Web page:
Thanks Harold and Jerry.  Helpful information on timing.

Jerry, if you have time, could you clarify your comment, "Urea
application on peach in New Jersey have not been observed to be
effective in increasing tissue N in leaves buds and shoots. (Much
research on this subject in Fruit Nutrition by Childers and others)"?

Are you saying all the N absorbed through the leaves is translocated
to the roots, or that N is not absorbed through the leaves at all?

I've read that a foliar N application in the fall can delay bloom in
peach, but can't remember where I read it.  Perhaps an article in a
trade magazine.  When I googled it, this is all I could find.

"For  example,  the  application  of  foliar nitrogen in the autumn
delayed the bloom of peaches compared to untreated controls (Reeder &
Bowen, 1981). "


On 9/10/17, Jerry Frecon <> wrote:
> From Roger Duncan, Pomology Farm Advisor, UC Cooperative Extension,
> Stanislaus County
> "Fall can be an excellent time to apply certain nutrients if trees are
> deficient.
> Nitrogen. Nitrogen utilized by trees and vines for early season shoot and
> fruit growth comes
> from reserves stored in the roots and other woody tissues of the plant. This
> is why it is
> important to enter into dormancy with adequate nitrogen reserves. UC
> Extension pomologist
> Scott Johnson has shown that a low biuret urea foliar spray just prior to
> natural leaf senescence
> is an excellent method of supplying nitrogen to peach trees. At least 80% of
> the nitrogen is
> absorbed into the leaf within 24 hours. The nitrogen is then readily
> translocated out of the leaf
> and into long-term storage. Trees low in nitrogen because of nematodes, a
> high water table or
> other root problems should certainly benefit from this spray. This is also
> an excellent way to
> provide nitrogen without risk of ground water contamination.
> Each spray supplies about 50 pounds of actual N per acre. That means if a
> granular
> formulation of low biuret urea is used (which is almost 50% N), you need to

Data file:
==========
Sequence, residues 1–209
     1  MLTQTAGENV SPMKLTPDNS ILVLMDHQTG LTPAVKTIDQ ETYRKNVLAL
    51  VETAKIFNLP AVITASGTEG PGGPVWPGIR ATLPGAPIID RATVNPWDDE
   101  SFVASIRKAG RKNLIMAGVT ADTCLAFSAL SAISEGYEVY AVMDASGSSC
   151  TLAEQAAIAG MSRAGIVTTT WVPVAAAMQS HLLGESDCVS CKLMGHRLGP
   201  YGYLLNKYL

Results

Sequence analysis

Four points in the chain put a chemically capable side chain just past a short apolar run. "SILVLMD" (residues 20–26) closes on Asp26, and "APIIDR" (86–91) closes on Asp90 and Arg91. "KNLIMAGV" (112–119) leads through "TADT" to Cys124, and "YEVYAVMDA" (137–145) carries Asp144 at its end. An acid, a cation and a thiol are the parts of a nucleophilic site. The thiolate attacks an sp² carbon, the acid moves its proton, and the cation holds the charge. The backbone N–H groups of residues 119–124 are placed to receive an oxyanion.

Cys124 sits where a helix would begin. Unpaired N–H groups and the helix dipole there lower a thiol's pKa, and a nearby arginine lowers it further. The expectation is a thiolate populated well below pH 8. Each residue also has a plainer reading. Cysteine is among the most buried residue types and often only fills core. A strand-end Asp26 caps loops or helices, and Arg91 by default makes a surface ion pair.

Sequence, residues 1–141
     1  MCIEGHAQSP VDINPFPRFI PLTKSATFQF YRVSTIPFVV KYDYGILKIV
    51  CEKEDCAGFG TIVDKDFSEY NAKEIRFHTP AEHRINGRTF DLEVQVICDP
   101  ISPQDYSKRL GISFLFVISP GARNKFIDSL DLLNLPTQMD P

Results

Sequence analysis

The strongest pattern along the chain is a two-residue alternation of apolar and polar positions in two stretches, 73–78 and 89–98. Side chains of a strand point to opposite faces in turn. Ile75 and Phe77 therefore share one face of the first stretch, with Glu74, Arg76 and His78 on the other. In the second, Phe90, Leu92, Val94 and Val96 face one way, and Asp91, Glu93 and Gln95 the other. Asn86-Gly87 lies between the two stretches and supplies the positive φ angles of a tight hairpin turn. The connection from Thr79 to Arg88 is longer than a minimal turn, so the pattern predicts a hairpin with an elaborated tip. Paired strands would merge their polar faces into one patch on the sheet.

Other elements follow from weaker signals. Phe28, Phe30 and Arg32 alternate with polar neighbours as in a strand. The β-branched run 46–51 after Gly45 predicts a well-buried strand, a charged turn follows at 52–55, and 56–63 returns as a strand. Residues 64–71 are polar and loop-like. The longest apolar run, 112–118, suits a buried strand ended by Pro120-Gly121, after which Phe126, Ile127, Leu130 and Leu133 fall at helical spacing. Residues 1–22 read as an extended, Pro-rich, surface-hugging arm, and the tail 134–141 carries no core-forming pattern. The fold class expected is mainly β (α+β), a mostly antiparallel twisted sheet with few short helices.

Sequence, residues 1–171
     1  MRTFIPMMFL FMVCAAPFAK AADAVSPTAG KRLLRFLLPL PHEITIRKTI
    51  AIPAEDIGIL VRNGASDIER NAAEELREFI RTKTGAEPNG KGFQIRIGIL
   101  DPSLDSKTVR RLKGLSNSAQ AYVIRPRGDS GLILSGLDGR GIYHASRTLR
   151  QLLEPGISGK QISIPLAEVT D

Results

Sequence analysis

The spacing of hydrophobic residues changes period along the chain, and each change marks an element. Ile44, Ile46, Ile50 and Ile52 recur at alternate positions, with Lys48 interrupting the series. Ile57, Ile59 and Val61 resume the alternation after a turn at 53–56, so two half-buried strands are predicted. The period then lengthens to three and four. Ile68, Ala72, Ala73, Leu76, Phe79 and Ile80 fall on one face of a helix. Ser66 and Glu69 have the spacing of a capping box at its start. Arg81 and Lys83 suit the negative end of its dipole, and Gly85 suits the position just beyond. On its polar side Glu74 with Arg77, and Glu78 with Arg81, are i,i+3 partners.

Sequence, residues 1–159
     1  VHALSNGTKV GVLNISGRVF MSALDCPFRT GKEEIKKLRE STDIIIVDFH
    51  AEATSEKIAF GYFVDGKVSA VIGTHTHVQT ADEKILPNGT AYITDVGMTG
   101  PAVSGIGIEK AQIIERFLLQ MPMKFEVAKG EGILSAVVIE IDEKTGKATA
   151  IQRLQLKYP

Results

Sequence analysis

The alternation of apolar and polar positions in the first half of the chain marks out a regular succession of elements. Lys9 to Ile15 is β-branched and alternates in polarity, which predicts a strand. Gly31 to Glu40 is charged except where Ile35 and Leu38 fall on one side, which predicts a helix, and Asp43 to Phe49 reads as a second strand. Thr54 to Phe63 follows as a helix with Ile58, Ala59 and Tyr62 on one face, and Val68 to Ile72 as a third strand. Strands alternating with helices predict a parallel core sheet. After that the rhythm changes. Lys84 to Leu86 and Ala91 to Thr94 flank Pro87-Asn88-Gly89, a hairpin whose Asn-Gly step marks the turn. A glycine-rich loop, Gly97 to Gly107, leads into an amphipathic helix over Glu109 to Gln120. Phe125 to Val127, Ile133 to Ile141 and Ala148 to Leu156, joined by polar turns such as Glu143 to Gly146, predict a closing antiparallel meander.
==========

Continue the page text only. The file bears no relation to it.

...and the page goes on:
> apply about 100
> pounds of product per acre. If a second application is necessary, it should
> be applied at least
> two weeks after the first application. Within a few days, you should start
> to see some burn
> along leaf margins and at the tips. Defoliation will probably progress a
> little more quickly than
> normal."
> Urea application on peach in New Jersey have not been observed to be
> effective in increasing tissue N in leaves buds and shoots. (Much research
> on this subject in Fruit Nutrition by Childers and others)   If  N tissue
> levels were  increased as they are with N soil applications then N deficient
> peach trees may be healthier and more winter hardy,  I am not aware of any
> research demonstrating a delay in bloom with urea foliar applications.
> Jerome L "Jerry" Frecon
> Professor Emeritus, Rutgers University
> And Horticultural Consultant for
> -----Original Message-----
> From: apple-crop [] On Behalf Of
> Mark Angermayer
> Sent: Sunday, September 10, 2017 1:46 PM
> To:
> Subject: [Apple-Crop] Timing of foliar nitrogen in peach
> I've read foliar urea in fall can increase hardiness and delay bloom on
> peach.
> Can anyone tell me the optimum time to apply foliar urea (100 lbs./ac
> -  i.e. 50 lbs. actual N) on peach?  I'd like to use regular soil urea (vs.
> the low biuret) because of cost, but understand soil urea will burn the
> foliage.
> I don't want to apply it too early so as to minimize photosynthesis from
> premature leaf drop, but don't want to apply it too late so the leaves won't
> absorb the N.
> U of C says to apply it in Sept. or Oct. (not Nov.) but the climate out
> there is quite a bit different than here.
> Anyone have a good general guideline to go by (i.e. just before leaf drop,
> two weeks before leaf drop, etc.)?
> Thanks,
> Mark Angermayer
> Tubby Fruits Peach Orchard
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